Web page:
Please use this identifier to cite or link to this item:
|Title:||In situ studies of crassulacean acid metobolism in Drymoglossum piloselloides, an epiphytic fern of the humid tropics|
|Source:||Kluge, M., Friemert, V., Ong, B.L., Brulfert, J., Goh, C.J. (1989-04). In situ studies of crassulacean acid metobolism in Drymoglossum piloselloides, an epiphytic fern of the humid tropics. Journal of Experimental Botany 40 (4) : 441-452. ScholarBank@NUS Repository. https://doi.org/10.1093/jxb/40.4.441|
|Abstract:||This paper reports autecological field-studies in Singapore on Drymoglossum piloselloides (L.) Presl., an epiphytic fern of the humid tropics which is capable of performing Crassulacean acid metabolism (CAM). As indicated by the gas exchange patterns and by the occurrence of a diurnal malic acid rhythm, the plant also features CAM in situ at its natural sites. Both in well-watered and in naturally droughted plants external CO2 was taken up solely during the night. Water stress decreased nocturnal CO2uptake, but left the synthesis and storage of malic acid unaffected. This indicates that CO2 recycling of respiratory CO2 by CAM is ecophysiologically important at the high night temperatures typical of the tropical habitats of the fern. The plants showed a diel fluctuation of cell-sap osmotic pressure which paralleled that of malic acid, while the fluctuation of the xylem tension followed the curve of transpiration more closely than it followed that of the malic acid content. CAM in D. piloselloides was clearly not limited by natural access to mineral ions and nitrogen. It is concluded that the ecophysiological advantage of CAM for D. piloselloides lies in a better water use efficiency as compared with C3 ferns and in the salvaging of carbon by CO2 recycling. © 1989 Oxford University Press.|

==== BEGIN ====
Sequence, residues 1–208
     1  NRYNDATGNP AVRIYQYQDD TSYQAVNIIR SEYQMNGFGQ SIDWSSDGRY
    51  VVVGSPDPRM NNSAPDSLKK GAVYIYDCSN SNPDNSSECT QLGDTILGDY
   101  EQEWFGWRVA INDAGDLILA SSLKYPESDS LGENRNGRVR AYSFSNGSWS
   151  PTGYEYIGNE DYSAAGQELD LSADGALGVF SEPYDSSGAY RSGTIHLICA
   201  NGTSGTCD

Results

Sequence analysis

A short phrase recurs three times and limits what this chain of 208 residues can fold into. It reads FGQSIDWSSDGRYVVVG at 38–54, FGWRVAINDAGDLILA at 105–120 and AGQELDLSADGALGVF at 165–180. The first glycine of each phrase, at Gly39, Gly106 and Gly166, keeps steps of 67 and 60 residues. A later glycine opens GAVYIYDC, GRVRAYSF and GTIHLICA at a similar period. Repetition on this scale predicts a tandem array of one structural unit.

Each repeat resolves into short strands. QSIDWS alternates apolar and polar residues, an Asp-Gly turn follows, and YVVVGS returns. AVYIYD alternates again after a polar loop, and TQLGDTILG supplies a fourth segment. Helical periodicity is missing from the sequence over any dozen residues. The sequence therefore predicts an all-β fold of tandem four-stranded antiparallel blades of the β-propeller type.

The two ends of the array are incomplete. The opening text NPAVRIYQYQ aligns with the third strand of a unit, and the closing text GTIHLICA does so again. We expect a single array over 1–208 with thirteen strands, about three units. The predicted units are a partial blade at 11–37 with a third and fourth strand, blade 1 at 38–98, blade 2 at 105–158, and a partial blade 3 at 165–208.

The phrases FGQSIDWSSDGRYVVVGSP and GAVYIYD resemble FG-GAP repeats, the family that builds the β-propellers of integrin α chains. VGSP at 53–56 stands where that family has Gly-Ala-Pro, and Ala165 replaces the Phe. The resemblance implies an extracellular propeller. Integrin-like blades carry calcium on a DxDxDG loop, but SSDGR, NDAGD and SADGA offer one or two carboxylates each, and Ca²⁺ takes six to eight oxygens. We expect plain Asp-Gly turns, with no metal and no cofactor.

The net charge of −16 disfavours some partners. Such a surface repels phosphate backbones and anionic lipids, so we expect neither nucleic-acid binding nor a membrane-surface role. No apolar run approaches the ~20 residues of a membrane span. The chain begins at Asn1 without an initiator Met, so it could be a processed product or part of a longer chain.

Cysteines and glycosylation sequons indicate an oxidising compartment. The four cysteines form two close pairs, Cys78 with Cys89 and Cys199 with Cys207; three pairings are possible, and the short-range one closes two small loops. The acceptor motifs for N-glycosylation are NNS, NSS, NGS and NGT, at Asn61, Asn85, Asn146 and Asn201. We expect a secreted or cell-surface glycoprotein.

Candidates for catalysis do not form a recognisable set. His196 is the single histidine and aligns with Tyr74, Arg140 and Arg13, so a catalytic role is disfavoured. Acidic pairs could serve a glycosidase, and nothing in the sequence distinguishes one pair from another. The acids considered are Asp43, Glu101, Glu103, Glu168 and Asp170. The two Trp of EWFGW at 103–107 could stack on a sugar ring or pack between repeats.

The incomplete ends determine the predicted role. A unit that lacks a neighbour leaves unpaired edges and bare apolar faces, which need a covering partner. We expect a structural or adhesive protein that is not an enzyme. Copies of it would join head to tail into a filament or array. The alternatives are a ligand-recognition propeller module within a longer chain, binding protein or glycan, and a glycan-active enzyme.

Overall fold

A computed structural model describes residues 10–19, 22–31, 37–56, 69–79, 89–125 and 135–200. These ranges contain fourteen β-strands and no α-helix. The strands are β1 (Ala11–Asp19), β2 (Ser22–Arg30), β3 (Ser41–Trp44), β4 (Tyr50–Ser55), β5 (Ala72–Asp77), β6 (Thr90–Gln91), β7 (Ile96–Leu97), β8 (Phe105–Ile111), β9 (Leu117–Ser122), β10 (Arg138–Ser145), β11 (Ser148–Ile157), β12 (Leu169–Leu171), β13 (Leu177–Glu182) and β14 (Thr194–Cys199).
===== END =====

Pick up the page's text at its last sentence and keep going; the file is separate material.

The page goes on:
|Source Title:||Journal of Experimental Botany|
|Appears in Collections:||Staff Publications|
Show full item record
Files in This Item:
There are no files associated with this item.
checked on Apr 2, 2018
WEB OF SCIENCETM
checked on Feb 19, 2018
checked on Mar 12, 2018
Items in DSpace are protected by copyright, with all rights reserved, unless otherwise indicated.